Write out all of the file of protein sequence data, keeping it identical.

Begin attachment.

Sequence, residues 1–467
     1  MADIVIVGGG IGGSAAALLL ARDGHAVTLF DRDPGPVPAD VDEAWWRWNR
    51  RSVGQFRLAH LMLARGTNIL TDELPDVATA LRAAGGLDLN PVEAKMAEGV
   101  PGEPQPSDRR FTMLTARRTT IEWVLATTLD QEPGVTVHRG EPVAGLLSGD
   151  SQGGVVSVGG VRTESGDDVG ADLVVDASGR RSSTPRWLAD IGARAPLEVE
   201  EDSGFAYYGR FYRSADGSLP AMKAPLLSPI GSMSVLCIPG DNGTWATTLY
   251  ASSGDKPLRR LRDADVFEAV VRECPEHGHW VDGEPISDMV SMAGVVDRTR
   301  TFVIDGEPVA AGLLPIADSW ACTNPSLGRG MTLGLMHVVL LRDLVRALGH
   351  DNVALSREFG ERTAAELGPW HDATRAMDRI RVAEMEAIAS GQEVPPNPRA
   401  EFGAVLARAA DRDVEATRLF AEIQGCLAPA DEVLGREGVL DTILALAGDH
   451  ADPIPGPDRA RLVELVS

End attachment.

Sequence, residues 1–467
     1  MADIVIVGGG IGGSAAALLL ARDGHAVTLF DRDPGPVPAD VDEAWWRWNR
    51  RSVGQFRLAH LMLARGTNIL TDELPDVATA LRAAGGLDLN PVEAKMAEGV
   101  PGEPQPSDRR FTMLTARRTT IEWVLATTLD QEPGVTVHRG EPVAGLLSGD
   151  SQGGVVSVGG VRTESGDDVG ADLVVDASGR RSSTPRWLAD IGARAPLEVE
   201  EDSGFAYYGR FYRSADGSLP AMKAPLLSPI GSMSVLCIPG DNGTWATTLY
   251  ASSGDKPLRR LRDADVFEAV VRECPEHGHW VDGEPISDMV SMAGVVDRTR
   301  TFVIDGEPVA AGLLPIADSW ACTNPSLGRG MTLGLMHVVL LRDLVRALGH
   351  DNVALSREFG ERTAAELGPW HDATRAMDRI RVAEMEAIAS GQEVPPNPRA
   401  EFGAVLARAA DRDVEATRLF AEIQGCLAPA DEVLGREGVL DTILALAGDH
   451  ADPIPGPDRA RLVELVS